You may have noticed that the UK has recently had a general election, in which the concept of omnishambles was taken in a number of exciting new directions. But it also highlighted a number of important lessons on how leaders should behave, and the bear traps to avoid. Here are “six of the best”.
1 If you make a mistake, admit it. The Prime Minister’s travails began when she launched proposals for social care reform which were received badly, then changed them, then denied there had been any change. Leaders will be forgiven most mistakes, if they admit them honestly and put them right. They will not be forgiven for treating people like fools, and/or appearing to be in denial.
2 Changing your mind is not a crime. “When the facts change, I change my mind; what do you do, sir?” asked John Maynard Keynes. Yet in politics, a change of mind is not seen as a sign of intelligence or flexibility, but as the dreaded U-turn. Business leaders need not be so inhibited. If change is necessary, propose it, communicate the reasons clearly, anticipate the arguments against, deal openly and honestly with the concerns of dissenters and then, once the decision has been made, insist everyone gets behind it.
3 Emotional intelligence matters more than intelligence. Brains are necessary for successful leadership, but not sufficient. Leaders who relate poorly to their troops may succeed for a time by the power of their intellect. However, if they lack empathy, warmth and the ability to see more than one point of view, while they may win grudging loyalty for as long as things are going well, they will never win the affection or commitment they need to succeed. When they encounter turbulence, in no time they may find themselves isolated and vulnerable.
4 Dictators are usually shot. A leader’s most precious assets are close colleagues unafraid to differ, if they think it is in the best interest of the business. In an influential study, Professor Jeffrey Sonnenfeld of Harvard Business School asked: “What makes a great board?” He looked at various factors, including directors’ ages and previous experience, their gender balance, socio-economic background and the level of their personal stake in the business. He found that by far the most important factor was that successful boards embraced conflict, as long as the points of difference came from a common desire to do the best for the organisation. A culture of robustly examining competing views was a core value of the best businesses. Dictators and the sycophants they usually gather around themselves, are a liability. They rarely last.
5 Values are not optional. There was a time when a focus on values was considered a bit touchy-feely – all well and good, but subordinate to “harder” issues such as productivity, performance and profits. But today, a successful, modern business must stand for a lot more than making money. It must aspire to be valuable to society in general, not just its clients. It must insist on its people behaving with integrity and treating one another with mutual respect. One of the most revealing episodes post-election was the exposure of how the Prime Minister’s two closest aides imposed a culture of bullying and intimidation, which they now have plenty of time to reflect on from the outer darkness.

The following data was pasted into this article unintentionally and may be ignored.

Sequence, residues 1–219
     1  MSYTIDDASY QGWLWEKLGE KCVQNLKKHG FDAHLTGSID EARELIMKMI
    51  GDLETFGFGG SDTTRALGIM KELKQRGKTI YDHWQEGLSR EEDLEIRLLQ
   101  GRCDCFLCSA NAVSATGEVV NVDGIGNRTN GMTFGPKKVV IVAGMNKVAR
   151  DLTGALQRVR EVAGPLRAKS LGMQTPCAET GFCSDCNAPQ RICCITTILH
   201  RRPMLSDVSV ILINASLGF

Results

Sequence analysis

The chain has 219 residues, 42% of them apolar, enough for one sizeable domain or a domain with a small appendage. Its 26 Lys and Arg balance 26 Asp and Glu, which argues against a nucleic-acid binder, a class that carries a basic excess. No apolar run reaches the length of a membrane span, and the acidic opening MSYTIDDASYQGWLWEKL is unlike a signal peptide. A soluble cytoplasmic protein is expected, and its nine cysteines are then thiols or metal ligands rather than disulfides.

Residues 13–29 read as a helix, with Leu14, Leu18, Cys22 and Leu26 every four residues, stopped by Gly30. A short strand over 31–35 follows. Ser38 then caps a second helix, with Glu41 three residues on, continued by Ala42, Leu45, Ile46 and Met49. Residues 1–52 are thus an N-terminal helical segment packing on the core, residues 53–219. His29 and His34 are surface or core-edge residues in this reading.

6 Optimism is infectious; negativity is a virus. The best leaders are not Panglossian, but they exude positivity and a can-do spirit. They have innate belief in their ability to get things done. They communicate in ways that bring out the best in people and inspire them to perform above their expectations. Their optimism is profoundly influential. There are good reasons to believe that if Churchill had been a pessimist, we would all be speaking German. General Colin Powell, who ultimately became US Secretary of State, had this drilled into him: “Lieutenant, you may be starving, but you must never show hunger. You may be freezing or near heat exhaustion, but you must never show that you are cold or hot. You may be terrified, but you must never show fear. You are the leader and the troops will reflect your emotions.” People must believe that no matter how bad things look, you will make them better.
It was that ray of sunshine Enoch Powell who said: “All political lives, unless they are cut off in midstream at a happy juncture, end in failure”: an opinion he did his best to prove correct. But this need not be true for the rest of humanity. Few of us are lucky to pass through life without it smacking us hard in the face, and business leaders are certainly not immune. But while troubles are temporary, principles are eternal. Follow these, and the path to success may suddenly seem a whole lot shorter.
In this issue
- Family law: still scope for reform
- People's court
- The importance of lawyers in a democratic society
- Thy will be done
- Children's rights and physical punishment
- Pension sharing and professional negligence
- Reading for pleasure
- Opinion: Bruce Adamson
- Book reviews
- President's column
- People on the move
- 400 years – still innovating
- Litigation: a bill to settle
- Access to justice: the small print
- Benefits of devolution
- The changing role of the courts in our democracy
- Core values
- The will bank opportunity
- Deep and meaningful
- The fall and rise of interrogatories
- To act or not to act?
- Immigration issues: more red tape
- Taxman scores winner in Rangers contest
- EIA: the regimes change
- Scottish Solicitors' Discipline Tribunal
- Practitioners or salesmen?
- Where the buck stops
- Law reform roundup
- Cyber basics for lawyers
- Practice points from missives review
- Money laundering update: new regulations in force
- Courts raise the stakes
- May: the force be not with you
- Conference success
- SYLA: 2016-17 in focus
- Ask Ash